Red Cedar vs White Cedar vs Pine wood


Whether you are looking for a dining set for your patio, chaise lounges for your pool, a bench for your garden or porch or for any other outdoor furniture, the natural good looks of wood make it a favorite among many home owners. If you are searching for wooden outdoor furniture that is attractive and affordable, three options stand out: red cedar, white cedar and pine. Each type of wood has its pros and cons. Here is some information from Outdoor Furniture Plus on red cedar vs. white cedar vs. pine wood for outdoor furniture to help you make the right decision.

Cedar is a smart choice, whether you are thinking about red cedar or white cedar. This aromatic, prolific North American softwood primarily grows in Canada and in the northern United States. Plentiful and affordable, cedar also boasts a distinctive scent and a close-grained, handsome look that will draw compliments.

Cedar's advantages extend beyond its appeal to the senses. Because its natural oils repel insects and just about any weather events Mother Nature can dish out, this wood is an ideal choice for outdoor furniture. Although time will reveal knots and cracks, cedar wood furniture can last 20 years or more without warping, splitting or rotting. It will resist mold, mildew and decay. As it ages, cedar's color naturally changes from an attractive light yellowish brown to a mature silver gray.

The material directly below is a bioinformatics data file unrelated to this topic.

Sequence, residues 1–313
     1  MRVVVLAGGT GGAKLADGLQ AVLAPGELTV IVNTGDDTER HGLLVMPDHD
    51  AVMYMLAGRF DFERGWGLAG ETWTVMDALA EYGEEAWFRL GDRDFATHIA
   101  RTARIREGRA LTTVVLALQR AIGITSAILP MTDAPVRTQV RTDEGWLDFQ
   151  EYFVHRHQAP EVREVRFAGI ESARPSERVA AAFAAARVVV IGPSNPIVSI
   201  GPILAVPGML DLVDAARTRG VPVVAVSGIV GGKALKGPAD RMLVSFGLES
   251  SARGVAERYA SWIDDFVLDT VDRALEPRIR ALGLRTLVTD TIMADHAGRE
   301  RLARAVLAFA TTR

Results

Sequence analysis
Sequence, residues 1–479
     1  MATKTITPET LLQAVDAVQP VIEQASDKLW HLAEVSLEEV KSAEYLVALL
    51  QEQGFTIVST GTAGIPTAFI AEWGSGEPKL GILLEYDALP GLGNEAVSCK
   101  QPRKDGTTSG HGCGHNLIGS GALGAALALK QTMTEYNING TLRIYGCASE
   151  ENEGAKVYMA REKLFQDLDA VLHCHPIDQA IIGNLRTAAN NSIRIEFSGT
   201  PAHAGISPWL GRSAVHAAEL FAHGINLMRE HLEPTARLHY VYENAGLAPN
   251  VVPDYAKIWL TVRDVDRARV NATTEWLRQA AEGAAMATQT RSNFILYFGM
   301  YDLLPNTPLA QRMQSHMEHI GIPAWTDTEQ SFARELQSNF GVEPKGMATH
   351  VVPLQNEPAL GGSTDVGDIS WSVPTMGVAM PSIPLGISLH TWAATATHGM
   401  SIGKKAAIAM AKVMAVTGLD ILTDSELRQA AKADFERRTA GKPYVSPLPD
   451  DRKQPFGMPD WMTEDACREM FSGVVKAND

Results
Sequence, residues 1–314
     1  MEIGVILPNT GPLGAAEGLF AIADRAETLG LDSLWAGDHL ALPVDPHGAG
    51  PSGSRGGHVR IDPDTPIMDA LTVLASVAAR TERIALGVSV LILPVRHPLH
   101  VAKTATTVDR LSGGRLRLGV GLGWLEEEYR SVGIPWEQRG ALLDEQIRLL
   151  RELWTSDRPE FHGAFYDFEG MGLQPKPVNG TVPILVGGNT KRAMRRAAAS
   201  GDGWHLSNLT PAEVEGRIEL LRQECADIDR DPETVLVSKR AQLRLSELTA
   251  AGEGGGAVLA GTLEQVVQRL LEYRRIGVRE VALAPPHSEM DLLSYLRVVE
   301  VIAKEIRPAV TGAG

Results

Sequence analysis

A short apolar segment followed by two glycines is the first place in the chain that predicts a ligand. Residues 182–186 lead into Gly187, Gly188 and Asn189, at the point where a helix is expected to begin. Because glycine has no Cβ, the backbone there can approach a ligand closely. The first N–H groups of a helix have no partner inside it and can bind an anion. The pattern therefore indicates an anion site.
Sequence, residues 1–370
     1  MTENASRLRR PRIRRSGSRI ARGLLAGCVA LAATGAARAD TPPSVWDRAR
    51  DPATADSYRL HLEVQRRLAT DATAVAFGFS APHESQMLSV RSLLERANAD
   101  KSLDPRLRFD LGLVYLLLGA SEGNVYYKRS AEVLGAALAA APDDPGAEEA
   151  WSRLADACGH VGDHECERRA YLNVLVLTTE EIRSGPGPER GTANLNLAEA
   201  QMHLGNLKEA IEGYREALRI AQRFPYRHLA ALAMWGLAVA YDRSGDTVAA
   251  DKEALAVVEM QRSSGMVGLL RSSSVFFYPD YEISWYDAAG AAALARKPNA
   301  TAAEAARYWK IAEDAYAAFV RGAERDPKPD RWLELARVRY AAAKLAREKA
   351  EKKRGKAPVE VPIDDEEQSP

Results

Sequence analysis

The two most common cedar species used in the U.S. for outdoor furniture are Western red cedar and Eastern white cedar. Each type of cedar is beautiful, strong and durable, perfect for most types of outdoor furniture.

Red cedar tends to exhibit a faint reddish tinge when new, while white cedar often has a creamier look. Left untreated, Western red cedar tends to be a little more durable than white cedar, although you can equalize their lifespan by using paint or stain.

Often even more affordable than cedar, pine also makes an excellent, inexpensive choice for outdoor furniture. Growing in huge quantities in North America, this abundant wood is also cultivated in many other parts of the world. That translates to a big supply that helps keep its price low.

This affordable, abundant softwood often has a creamy to yellowish-brown color. Pine wood tends to have a uniform texture and straight grain and is pleasing to look at.

Untreated pine lacks the rot resistance of cedar and is less durable. So if you opt for outdoor furniture made of untreated pine, it's wise to store it inside during the winter (or in the summer if you live in a hot, steamy climate such as Florida).

A simple way to overcome this weakness, however, is to look for pressure-treated pine. This specially treated pine can rival the durability of cedar, lasting up to 20 years or more.

No matter which of these materials you choose for your outdoor furniture, you will be delighted with the looks and comfort of red cedar, white cedar and pine products. If you have questions, call us toll-free or send us an email for helpful advice.


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